VBG argues the entire Lease, including the Equipment Rental Agreement, was subject to an early termination provision based on the Agreement Regarding Additional Terms and Conditions. As Fleischer notes, however, the Agreement Regarding Additional Terms and Conditions incorporates only the Sales Agreement and the terms of Fraser’s proposal to VBG; it says nothing about the Equipment Rental Agreement. Id. at 25. Moreover, while the Agreement Regarding Additional Terms and Conditions does purport to give VBG certain termination rights in the event Fraser fails to perform, it permits VBG to terminate only the Agreement Regarding Additional Terms and Conditions and the Sales Agreement. Id. (“In the event of FRASER’S failure to perform any of its obligations . . . [VBG] may terminate this Agreement and/or the Sales Agreement . . . .” (emphasis added)). It does not purport to provide VBG a right of early termination as to the Equipment Rental Agreement, which specifically states “[t]his Agreement may not be terminated early” and also provides that, in the event the Agreement is assigned, “the rights of the new owner will not be subject to any claims, defenses, or set offs that [VBG] may have against [Fraser].” Id. at 21-22. Thus, even accepting VBG’s assertion that all of the lease documents were executed contemporaneously, [9] Defendants had a colorable argument that VBG’s early termination rights under the Agreement Regarding Additional Terms and Conditions did not apply to the Equipment Rental Agreement and that Wells Fargo was not subject to this defense. See USX Corp. v. Prime Leasing Inc., 988 F.2d 433, 437-38 (3d Cir. 1993) (“Even where several instruments pertaining to one transaction must be construed together, the provisions of one instrument are not thereby imported bodily into another. The application of the rule does not result in actual consolidation of the several contracts . . . . Each of several instruments may be construed in the light of the others, without their being considered as one for all purposes.” (citation and internal quotation marks and alteration omitted)).

VBG admittedly ceased making payments under the Equipment Rental Agreement after it notified Fraser it was removing the leased equipment from its office in July 2007, and Wells Fargo, as Fraser’s assignee, thereafter exercised its right under the Agreement to use available legal remedies to “require that [VBG] pay the remaining balance of this Agreement, ” Compl. Ex. 1, ECF No. 1-2 at 22, taking the position the Agreement was not subject to early termination. Because the underlying lease documents themselves give rise to a colorable argument that the Equipment Rental Agreement was not subject to cancelation, notwithstanding the Agreement Regarding Additional Terms and Conditions, VBG cannot show Defendants lacked probable cause to initiate the state court action. See Arader, 2011 WL 4807924, at *9 (granting motion to dismiss Dragonetti Act claim where defendants could reasonably have believed the statute of limitations on their conversion claim did not begin to run until 2005 and therefore had probable cause to bring the underlying conversion action, even though the state court found claim was time barred); Bobrick, 698 F.Supp.2d at 494 (granting motion to dismiss Dragonetti Act claim where “[t]he evidence and legal arguments that were presented in the underlying action . . . preclude Plaintiffs from showing the absence of probable cause in the procurement, initiation and continuation of that civil proceeding.”). Moreover, because Defendants had a basis to argue the Equipment Rental Agreement was not subject to the early termination provision of the Agreement Regarding Additional Terms and Conditions, VBG cannot show they were grossly negligent for failing to include that document in the exhibits to their state court complaint. Consequently, VBG has not plausibly alleged a claim under the Dragonetti Act, and Count I of the Complaint must be dismissed.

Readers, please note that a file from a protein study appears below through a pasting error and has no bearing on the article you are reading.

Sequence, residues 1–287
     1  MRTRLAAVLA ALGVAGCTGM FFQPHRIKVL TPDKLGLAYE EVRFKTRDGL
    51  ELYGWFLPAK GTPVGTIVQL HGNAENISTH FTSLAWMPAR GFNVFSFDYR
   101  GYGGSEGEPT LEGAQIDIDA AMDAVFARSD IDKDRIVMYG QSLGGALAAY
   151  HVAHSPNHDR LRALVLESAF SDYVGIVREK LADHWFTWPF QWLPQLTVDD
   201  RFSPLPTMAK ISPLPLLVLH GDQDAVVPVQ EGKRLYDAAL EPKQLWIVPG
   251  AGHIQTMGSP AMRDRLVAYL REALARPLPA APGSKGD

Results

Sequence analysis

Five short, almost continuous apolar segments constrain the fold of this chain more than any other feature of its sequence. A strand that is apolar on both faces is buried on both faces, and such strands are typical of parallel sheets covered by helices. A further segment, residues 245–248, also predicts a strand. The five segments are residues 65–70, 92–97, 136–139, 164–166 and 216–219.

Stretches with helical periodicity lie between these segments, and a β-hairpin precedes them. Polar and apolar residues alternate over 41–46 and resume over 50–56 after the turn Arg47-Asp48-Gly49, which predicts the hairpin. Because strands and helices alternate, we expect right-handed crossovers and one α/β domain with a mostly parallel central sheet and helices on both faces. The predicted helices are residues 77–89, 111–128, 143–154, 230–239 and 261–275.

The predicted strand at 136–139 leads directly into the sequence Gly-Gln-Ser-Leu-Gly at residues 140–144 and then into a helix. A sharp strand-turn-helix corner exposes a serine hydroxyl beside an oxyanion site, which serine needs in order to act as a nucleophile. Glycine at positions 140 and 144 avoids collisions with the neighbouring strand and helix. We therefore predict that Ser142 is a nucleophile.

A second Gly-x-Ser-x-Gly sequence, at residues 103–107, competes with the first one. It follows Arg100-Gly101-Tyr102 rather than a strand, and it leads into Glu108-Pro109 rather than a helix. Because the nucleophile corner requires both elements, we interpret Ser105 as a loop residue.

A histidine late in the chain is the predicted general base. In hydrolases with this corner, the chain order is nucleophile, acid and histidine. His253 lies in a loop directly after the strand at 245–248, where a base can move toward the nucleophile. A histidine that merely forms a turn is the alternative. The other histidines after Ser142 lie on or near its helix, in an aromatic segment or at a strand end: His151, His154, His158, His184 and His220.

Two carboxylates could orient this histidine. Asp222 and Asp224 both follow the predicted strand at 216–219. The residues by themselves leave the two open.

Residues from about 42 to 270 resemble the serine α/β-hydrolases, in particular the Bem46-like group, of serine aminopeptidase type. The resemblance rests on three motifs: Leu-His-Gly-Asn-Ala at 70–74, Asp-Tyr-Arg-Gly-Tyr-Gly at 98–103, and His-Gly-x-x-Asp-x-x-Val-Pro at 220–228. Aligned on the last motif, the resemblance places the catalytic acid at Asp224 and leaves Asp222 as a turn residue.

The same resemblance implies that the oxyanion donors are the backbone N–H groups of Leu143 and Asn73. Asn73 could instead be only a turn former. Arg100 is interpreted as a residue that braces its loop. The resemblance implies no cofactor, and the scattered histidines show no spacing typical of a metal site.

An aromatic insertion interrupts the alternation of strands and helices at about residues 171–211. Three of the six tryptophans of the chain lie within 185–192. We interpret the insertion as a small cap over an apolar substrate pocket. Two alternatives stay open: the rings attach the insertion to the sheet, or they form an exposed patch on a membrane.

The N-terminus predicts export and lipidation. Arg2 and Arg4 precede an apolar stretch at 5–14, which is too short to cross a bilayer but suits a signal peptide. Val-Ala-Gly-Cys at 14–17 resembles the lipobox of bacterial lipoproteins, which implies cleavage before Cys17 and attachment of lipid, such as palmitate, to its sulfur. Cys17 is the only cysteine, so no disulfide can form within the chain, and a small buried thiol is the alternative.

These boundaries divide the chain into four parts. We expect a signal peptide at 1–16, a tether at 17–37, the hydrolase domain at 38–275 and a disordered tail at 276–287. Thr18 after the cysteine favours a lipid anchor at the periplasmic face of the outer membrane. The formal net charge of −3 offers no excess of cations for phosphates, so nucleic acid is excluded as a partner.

VBG also asserts a claim for negligence based on Defendants’ initiation and prosecution of the state court action. See Compl. ¶¶ 69-77. “Any action in negligence is premised on the existence of a duty owed by one party to another.” Palumbo v. Connors, No. 95-5526, 1996 WL 243649, at *7 (E.D. Pa. May 9, 1996) (quoting Gibbs v. Ernst, 647 A.2d 882, 890 (Pa. 1994)). Although VBG makes the bald allegation that Defendants “breached the standard of care required under the circumstances and their legal duties to VBG, ” Compl. ¶ 74, the Complaint does not identify any legally cognizable duty Defendants owed to VBG with respect to the state court breach of contract action.